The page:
< 1984 City Limits JG Ballard interview by Colin Greenland
Empire road

J G Ballard, Britain's most imaginative science-fiction writer, uses recurring themes of catastrophe and apocalypse. Does his new novel ex-plain Ballard's SF preoccupations? Colin Greenland talks to him.

J G Ballard's latest book “Empire of the Sun”, is a realistic novel about World War II. Others will find that incongruous; Ballard doesn't. “It's hardly different from any of my previous fiction”.

His disaster novels like “The Drowned World” are dreams of catastrophe, scanned for meaning by their meditative heroes, while “The Atrocity Exhibition” and “The Unlimited Dream Company” are visions of an urban apocalypse which seems to be happening already: “The future in my fiction has never really been more than five minutes away”.

“Empire Of The Sun” is less Jim Ballard-going-mainstream than the story behind the other stories. Its central character is an 11-year-old called Jim.

In the chaos of Shanghai at the end of 1941, Jim gets separated from his British colonial parents and ends up in a Japanese internment camp for civilians.

With death on all sides he learns the ambiguous art of survival, guided by his own hyperactive fantasies, “the newsreels inside his head”, which grow more lurid and bizarre as malnutrition creeps along.

“The memory of the air raid ex-cited Jim... One day Jim would become a wounded pilot, fallen among the burial mounds and armoured pagodas. Pieces of his flying suit and parachute, even perhaps of his own body, would spread across the paddy fields, feeding the prisoners behind their wire and the Chinese starving at the gate ...”

The actual hunger, which leads Jim to volunteer to pull the G Block food cart so that he can steal an extra mouldy potato, seems less important to him than a metaphysical hunger for apocalypse now, “a secret hunger that the war would so easily satisfy.”

Clearly, J G Ballard's version of events is not just another war memoir.

As he says, “There isn't a huge literature about the lives of civilians in the Far East under the Japanese, unlike the European war, where everybody from Anne Frank to Hitler's chauffeur's valet has written a book about it.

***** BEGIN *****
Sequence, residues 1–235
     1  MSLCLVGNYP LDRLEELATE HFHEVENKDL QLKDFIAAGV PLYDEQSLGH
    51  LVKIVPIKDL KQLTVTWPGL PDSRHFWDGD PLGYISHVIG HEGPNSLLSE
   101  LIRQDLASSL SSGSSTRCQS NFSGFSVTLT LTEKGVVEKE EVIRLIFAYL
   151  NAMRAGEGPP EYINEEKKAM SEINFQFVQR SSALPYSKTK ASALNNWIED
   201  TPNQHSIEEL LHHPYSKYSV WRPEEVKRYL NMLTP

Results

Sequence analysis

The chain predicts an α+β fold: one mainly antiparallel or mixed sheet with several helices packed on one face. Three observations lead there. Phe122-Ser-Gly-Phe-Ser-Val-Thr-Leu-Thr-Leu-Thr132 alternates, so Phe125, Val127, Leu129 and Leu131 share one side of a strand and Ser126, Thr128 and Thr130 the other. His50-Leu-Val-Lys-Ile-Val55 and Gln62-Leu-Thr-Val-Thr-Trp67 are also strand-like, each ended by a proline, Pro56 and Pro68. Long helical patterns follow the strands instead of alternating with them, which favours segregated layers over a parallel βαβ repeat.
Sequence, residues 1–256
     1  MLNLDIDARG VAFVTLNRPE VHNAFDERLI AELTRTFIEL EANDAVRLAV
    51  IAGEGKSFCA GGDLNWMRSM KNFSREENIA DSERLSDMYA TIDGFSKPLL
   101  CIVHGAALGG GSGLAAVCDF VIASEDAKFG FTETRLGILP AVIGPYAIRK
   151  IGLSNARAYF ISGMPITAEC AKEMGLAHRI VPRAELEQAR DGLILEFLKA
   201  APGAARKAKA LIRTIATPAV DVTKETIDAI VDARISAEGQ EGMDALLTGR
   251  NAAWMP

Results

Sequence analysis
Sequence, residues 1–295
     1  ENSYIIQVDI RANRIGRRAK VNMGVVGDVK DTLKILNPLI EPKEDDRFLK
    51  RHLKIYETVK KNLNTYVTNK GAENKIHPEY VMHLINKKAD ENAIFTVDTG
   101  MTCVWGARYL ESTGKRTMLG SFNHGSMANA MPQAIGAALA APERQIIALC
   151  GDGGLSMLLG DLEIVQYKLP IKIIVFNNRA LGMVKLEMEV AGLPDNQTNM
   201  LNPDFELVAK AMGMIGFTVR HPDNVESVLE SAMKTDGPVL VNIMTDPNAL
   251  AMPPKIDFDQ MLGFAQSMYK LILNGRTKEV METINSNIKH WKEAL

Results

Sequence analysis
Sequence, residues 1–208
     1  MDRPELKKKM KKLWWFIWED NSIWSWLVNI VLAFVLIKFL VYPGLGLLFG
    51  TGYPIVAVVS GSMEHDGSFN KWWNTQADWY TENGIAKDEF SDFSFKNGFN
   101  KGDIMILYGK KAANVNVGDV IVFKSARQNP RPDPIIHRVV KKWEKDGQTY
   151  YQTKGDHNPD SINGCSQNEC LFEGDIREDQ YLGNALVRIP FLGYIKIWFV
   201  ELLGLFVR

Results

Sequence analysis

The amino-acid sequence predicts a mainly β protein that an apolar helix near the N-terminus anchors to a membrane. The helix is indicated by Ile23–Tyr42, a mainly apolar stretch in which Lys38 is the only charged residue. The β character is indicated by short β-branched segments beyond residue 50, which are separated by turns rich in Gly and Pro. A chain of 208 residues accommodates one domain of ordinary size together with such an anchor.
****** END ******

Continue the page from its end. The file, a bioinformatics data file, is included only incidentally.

“My experiences are completely different. I was born in Shanghai; I lived there until I was 16; I spent the war in the internment camp that I describe in the book.

“There's always been a sort of cliché image of the steadfast, long--suffering, courageous Brits, always pulling together, always trying to escape -- something nobody in our camp ever dreamed of doing. Far too dangerous. The only places of safety for Allied nationals in the Far East were the camps.”

The young Ballard was one of 20,000 Britons in captivity in and around Shanghai alone. “No one in their right mind would think that 2000 people suddenly seized off the street and interned in a camp, slowly starved for three years and given no hope of release, would behave nobly.

“People aren't enobled by suffering. That's another cliché. At the same time, it does strip away a lot of illusions. One pays a terrible price for that, but at least one glimpses some kind of truth.”

In its autobiographical groundplan “Empire of the Sun” does much to explain the source of Ballard's continually disturbing imaginative visions.

Looking for his parents, Jim goes cycling around the abandoned Inter-national Settlement, a landscape full of the deserted hotels and drained swimming-pools that have decorated all Ballard's fiction since his first short story collection “The Voices of Time” (now reissued by J M Dent to coincide with “Empire of the Sun”).

Other early titles – “The Terminal Beach”, “The Disaster Area” -- identify a desolate, evocative terrain inspired by the devastated countryside around Shanghai. Why has it taken him so long to get round to writing about the original?

“For most writers this book would have been the first one. I can only assume that I wanted to forget it. That took me 20 years; now it's taken me another 20 to remember it.”

The motive is obviously not nostalgia: “I don't feel that my experiences in the Far East are irrelevant to life in western Europe today. I think in many ways they're almost predictive of what may happen here, and what has happened in other parts of the world.

“If there were a nuclear war in Western Europe, you'd probably have a situation not dissimilar to Shanghai at the end of the Second World War, with rival roving gangs, drifting allegiances, and complete confusion. In the camp, we weren't certain that the war had ended. Nor were the Japanese.”

As he puts it in “Empire of the Sun”: “Peace had come, but it failed to fit properly.”

In the autumn of 1945 Chiang Kai-Shek's American-supported troops were fighting the communists outside Shanghai. “The fighting was part of a continuum of conflict between America and nationalistic communism which has gone on ever since”, says Ballard. Are we then, as he suggests in “Empire”, already in World War III?

“On the instalment plan, yes. The seeds of the next global conflict were laid down in the Far East in the '20s and '30s.

“Those huge populations were ripe for political transformation in a much more dramatic way than the countries of western Europe. Very powerful political currents moving then, are still flowing strongly.

“If there is a Third World War, I don't think it will start in western Europe.”

“Empire of the Sun” is published next Thursday by Gollancz (£8.95).